Wednesday, January 2, 2013

Coop Delisle!!!

So now the story of our chickens and "Coop Delisle" (as we call it). We live in a area that was majorlyaffected by hurricane Katrina. In the community that we live, it was estimated that of the approximately 8,000 homes, all but 500 were damaged or destroyed. Most of the historic mansions along the beach front road were severely damaged, and many were completely destroyed.  We were fortunate because we live further inland and sustained less damage. We did lose many trees (at least 50) and some damage to our house and cars.  Yet compared to the neighbors in our town we can't complain. We have to admit that once you have been in the heart of a major disaster, there is no way you can really describe it to others.  The eastern eye wall of the storm went over our county.  

When the winds started it never stopped for hours and hours. The winds stripped all the leaves off the trees and even the shrubs. Many of the limbs of the trees that were left standing were broken. It made the property look like a barren waste land. Because of the amount of damage we had, there was no way we could clean it up by ourselves. So the "Corp of Engineers" came in and helped clean our property. When it was all said and done, we had to start with property that was literally stripped. So where to start? Before the storm we had just built our home. In fact we moved in only a week before Katrina. The house was still not finished, and the man who did our site work scraped most of the top soil off. Not realizing what he had done and the damage from the storm, we were at a loss as to how to pick up where we left off, wanting to create gardens for food and beauty. The more we learned about our plot of land the more we realize what damage the contractor contributed. We now think he did way more than the storm.

Because of the storm and the contractor, the ecology was all messed up. The grasshoppers and crickets came out strong looking for anything that was green and still growing. After searching the web, we found that chickens are one of the best bug controllers and natural fertilizers to be had. So we got hooked on the idea, which was not that hard as we love animals. We began to realize that all we had ever known were people that gardened with chemical fertilizers.  The more we read and researched, the more we wanted to build our gardens on natural principles.  We started with chickens.  Chickens need a shelter.  More research.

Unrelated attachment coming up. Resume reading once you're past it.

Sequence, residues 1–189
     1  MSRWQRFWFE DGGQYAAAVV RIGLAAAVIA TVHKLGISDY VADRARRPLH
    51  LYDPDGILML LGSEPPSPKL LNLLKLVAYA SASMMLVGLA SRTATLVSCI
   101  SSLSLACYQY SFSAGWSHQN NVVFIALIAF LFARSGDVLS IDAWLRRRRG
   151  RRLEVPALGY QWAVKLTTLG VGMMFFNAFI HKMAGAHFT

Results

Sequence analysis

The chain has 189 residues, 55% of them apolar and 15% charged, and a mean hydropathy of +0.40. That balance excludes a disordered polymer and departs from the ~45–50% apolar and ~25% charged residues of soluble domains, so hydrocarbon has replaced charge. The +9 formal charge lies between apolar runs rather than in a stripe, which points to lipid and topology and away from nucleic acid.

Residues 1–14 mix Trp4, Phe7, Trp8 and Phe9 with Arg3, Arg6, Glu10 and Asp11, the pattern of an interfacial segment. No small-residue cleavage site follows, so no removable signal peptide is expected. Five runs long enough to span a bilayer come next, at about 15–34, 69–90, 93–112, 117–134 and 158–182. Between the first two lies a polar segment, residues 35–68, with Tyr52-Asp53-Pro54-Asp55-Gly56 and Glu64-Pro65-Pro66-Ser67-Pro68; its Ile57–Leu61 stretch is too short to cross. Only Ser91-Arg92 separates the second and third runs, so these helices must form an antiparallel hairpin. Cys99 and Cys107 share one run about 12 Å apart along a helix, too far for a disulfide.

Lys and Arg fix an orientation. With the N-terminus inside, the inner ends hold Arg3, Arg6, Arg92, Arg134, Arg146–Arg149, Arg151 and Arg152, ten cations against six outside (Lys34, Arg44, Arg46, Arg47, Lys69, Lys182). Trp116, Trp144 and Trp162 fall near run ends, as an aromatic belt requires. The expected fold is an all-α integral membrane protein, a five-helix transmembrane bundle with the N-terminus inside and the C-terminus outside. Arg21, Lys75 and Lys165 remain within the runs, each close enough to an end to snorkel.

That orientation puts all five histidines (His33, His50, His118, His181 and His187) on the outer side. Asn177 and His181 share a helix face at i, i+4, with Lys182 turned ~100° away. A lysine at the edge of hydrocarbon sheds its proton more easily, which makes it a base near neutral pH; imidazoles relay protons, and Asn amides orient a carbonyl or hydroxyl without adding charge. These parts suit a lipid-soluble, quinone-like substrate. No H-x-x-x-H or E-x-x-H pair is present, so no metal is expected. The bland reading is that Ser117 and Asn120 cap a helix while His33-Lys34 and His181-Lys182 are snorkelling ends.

The platform was an old wooden screen room project that never got finished. We were about to burn it when we got the idea to use it as the base of what you see here.

As the building started to come together, and the more we read from ones who were sharing their experiences, we realized the coop was too small for how many chickens we were getting, so we had to add on to the back. This made the coop 11ft. X 8ft. on the inside. The back section was lowered an extra 2" for extra pine shavings under the roost to help keep it contained there.
The windows and door were some old ones we picked up in our travels. They were cheap and they had been stored in someone's old barn and were covered with rat droppings, and had a few chewed up areas to boot. We re-worked them and they turned out great. The windows are tall so the coop gets great ventilation when they are open and the chickens can see out.
We sprayed the inside with gloss paint for ease of cleaning and installed low cost vinyl flooring for cleaning. We also used plastic shoe molding along the edges because it cleans up quicker.  Wish it still looked this pristine!
Next we added steps and the run.
For the run we used landscape timbers because they are only a few dollars a post.  Plus we kept the walls at 6ft. because the hardware cloth was the 36" wide type. We then covered part of the run with tin so the chickens would have shade.
Then we made a private entrance for them
so as to enter the run..
Finally, we finished it with some paint and added lattice to keep other animals from going under the coop. Then we built the nesting box off the side so as not to take up space in the main part of the coop.
nest boxes
After all this we are greeted every morning with a friendly bok!!!
Now we enjoy our return with fresh eggs, great insect controllers and hot fertilizer.

The photo's are from a couple of years ago. We are in the process of redoing the coop with some fresh paint. At least you have a glimpse as to our beginning stages of "Sweet Pickles Farm".
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  1. Thanks so much for the compliment. We looked at your new coop as well. We are sure you will enjoy yours as much as we do ours. Thanks for visiting our blog!